LUIS, MU√ëOZ MARIN
Governor of Puerto Rico
As I understand the word, gamesmanship is the art of upsetting your opponent psychologically, destroying his game and winning your wager. There is much to be said pro and con but, in my opinion, gamesmanship is unfair in politics, it is unfair in love and it is unfair in golf. Let us be fair at all costs.
This is an article from the April 6, 1959 issue
LAURANCE S. ROCKEFELLER
Conservationist and venture capitalist
New York City
In principle, none at all, but that is so removed from actual conditions that there has to be some qualification. I think it depends on each foursome. I would not even think of gamesmanship with casual acquaintances. On the other hand, I know how much fun it can be among good friends.
MRS. JAMES M. SNOWDEN
New York City
As much as you can get away with. The guy might get mad, but he won't explode. Innocent remarks like "What a swing; what form; what a putt." There is little I enjoy as much as playing a foursome with men who are crackerjack golfers but who needle each other's scores into the upper 80s.
Golf pro at Winged Fool GC
As much as possible. A needle here and there is a trick of the trade. The good pros I know have been having fun for years. Suppose I ask for the wrong club? My caddie knows what club I really want. If my opponent falls for it and his shot is 30 yards short, that is his hard luck. He should have a mind of his own.
Executive, Bonwit Teller and Tiffany
New York City
If golfers indulge in gamesmanship in a humorous manner, in a spirit of give and take, I think any amount of it is permissible. If, as a result, a close friend becomes upset and his game falls apart, it can be very amusing. He usually recovers at the 19th hole. I do not mean, of course, that you should antagonize anybody.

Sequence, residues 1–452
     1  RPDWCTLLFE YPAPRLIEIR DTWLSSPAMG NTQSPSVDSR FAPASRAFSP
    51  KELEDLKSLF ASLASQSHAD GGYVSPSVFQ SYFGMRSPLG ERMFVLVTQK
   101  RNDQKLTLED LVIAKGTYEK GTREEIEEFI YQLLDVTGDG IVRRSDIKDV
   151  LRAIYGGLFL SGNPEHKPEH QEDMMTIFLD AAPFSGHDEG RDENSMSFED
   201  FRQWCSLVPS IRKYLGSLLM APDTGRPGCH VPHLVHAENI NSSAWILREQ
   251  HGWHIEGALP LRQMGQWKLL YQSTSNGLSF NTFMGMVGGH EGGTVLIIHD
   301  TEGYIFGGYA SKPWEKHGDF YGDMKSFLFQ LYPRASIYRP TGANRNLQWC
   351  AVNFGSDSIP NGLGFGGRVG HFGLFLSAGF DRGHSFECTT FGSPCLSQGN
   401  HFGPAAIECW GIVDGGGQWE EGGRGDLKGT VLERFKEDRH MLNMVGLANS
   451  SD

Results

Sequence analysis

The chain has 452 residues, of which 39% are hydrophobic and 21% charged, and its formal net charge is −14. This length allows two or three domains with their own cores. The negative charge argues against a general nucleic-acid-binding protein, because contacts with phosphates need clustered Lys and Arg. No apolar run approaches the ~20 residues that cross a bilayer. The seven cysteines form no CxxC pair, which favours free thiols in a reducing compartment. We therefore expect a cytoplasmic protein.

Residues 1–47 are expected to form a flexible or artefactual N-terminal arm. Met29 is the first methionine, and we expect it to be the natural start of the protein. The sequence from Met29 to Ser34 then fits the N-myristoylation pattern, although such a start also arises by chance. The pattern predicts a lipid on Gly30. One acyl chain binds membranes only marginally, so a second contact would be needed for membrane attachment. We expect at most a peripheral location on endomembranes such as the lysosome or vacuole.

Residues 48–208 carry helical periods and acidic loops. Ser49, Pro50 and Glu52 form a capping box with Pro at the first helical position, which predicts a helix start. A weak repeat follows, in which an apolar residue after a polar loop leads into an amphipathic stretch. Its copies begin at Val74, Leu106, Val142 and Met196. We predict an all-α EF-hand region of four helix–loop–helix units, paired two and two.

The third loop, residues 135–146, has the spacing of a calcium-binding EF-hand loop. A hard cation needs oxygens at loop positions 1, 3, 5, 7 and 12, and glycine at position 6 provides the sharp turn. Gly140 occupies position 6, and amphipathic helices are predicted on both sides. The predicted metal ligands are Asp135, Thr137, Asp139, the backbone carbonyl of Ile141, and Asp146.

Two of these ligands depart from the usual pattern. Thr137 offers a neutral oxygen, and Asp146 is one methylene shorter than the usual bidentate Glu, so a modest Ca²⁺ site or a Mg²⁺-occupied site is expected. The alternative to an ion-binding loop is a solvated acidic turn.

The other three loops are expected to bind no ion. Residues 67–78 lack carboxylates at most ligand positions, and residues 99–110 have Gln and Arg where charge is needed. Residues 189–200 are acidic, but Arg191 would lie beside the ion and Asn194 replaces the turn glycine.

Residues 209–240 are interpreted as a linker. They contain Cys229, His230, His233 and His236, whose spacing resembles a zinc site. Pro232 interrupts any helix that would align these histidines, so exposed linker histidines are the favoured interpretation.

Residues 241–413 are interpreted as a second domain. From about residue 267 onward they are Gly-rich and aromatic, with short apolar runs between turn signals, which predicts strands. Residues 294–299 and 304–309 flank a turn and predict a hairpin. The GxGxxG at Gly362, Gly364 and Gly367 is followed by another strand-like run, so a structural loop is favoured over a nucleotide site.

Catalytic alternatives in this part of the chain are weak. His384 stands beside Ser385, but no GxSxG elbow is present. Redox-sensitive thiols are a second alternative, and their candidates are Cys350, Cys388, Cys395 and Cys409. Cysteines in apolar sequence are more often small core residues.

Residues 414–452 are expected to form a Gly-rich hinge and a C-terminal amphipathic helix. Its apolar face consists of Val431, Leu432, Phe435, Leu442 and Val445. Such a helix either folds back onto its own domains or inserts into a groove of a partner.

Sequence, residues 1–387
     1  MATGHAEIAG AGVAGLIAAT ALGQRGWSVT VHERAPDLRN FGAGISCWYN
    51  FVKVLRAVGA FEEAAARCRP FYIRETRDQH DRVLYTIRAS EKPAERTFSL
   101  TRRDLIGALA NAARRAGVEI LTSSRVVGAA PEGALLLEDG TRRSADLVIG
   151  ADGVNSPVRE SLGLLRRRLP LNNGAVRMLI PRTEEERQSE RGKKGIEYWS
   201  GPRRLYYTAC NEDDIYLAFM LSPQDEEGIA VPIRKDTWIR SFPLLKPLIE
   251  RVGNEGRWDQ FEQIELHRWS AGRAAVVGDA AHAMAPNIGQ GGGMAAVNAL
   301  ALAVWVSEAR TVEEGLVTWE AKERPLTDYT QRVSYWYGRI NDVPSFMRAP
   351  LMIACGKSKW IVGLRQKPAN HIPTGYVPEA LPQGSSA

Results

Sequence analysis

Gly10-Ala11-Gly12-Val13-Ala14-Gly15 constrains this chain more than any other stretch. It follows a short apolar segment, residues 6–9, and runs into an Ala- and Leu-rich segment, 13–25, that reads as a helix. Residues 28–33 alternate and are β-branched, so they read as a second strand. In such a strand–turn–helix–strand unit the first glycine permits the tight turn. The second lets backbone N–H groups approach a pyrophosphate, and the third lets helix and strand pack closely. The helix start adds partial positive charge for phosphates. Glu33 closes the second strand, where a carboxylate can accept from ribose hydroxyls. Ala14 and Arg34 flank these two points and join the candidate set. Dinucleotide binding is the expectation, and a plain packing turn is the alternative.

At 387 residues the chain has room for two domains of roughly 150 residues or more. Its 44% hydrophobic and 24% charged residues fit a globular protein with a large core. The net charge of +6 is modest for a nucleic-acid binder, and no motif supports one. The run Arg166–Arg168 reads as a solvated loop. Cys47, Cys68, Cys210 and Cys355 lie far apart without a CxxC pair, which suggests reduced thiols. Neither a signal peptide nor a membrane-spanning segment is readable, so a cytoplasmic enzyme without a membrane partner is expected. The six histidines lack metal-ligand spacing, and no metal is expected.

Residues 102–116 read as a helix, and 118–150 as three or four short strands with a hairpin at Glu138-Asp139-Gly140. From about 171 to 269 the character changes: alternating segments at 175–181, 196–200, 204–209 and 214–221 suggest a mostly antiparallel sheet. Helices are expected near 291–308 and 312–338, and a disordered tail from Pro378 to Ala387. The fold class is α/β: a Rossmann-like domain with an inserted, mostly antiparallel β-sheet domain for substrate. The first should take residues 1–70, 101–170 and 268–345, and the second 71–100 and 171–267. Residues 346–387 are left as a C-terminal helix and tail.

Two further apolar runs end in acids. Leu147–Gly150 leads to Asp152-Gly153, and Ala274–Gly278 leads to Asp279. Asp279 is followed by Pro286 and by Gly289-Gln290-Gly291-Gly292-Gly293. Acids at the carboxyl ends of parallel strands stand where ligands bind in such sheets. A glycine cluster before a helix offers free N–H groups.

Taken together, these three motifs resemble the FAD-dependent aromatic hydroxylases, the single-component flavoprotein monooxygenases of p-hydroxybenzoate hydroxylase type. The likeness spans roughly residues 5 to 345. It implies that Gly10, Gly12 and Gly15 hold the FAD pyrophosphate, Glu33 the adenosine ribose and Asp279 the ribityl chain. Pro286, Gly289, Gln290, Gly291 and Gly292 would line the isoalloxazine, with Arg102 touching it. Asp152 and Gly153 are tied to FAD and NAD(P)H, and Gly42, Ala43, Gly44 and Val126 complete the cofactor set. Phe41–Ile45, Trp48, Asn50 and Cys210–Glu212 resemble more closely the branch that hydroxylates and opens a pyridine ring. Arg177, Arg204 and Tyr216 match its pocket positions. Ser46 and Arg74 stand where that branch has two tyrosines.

MRS. ROBERT TRENT JONES
Wife of golf course architect
That depends. Some golfers have a flair for gamesmanship and do not offend. Others make your blood boil. However, those who can upset you, ruin your game and make you like it are mighty few and far between. They are generally welcome. However, it is better to play it safe and not risk losing a friend.
THE RT. REV. A. E. SWIFT
Episcopal Bishop of Puerto Rico
A friend recently said, "I am sorry for the Bishop. He must say and do what the public thinks he should say and do. The rest of us can say and do what we please." In the case of golf gamesmanship, I rebel against this thinking. There are no rules in golf against upsetting your opponent psychologically.
Former PGA champion
A lot of it is O.K. As an example, suppose I'm in the rough with a good lie and my opponent is waiting on the green. I look around, change clubs and fidget for five minutes. My opponent thinks I've had it. Then I hit right to the cup. Upset, he says to himself: "The lucky so-and-so."
Pro at Mayfair Inn CC
Most of it has been eliminated in medal play where there is no time for gamesmanship. We stick to our style of play and won't be influenced by others. You know all these pros. You're not going to say or do something that the others on the circuit will criticize you for. You may even lose as a result of it.
WILLIAM E. HUTTON
Old Westbury, N.Y.
Gamesmanship is not permissible where opponents are not friends, but you can give a friend the dagger up to the end of the shaft and then turn it. You can bet he'll give it back to you, double if possible. But you avoid the needle when a friend can't take it. It's only O.K. when both have thick hides.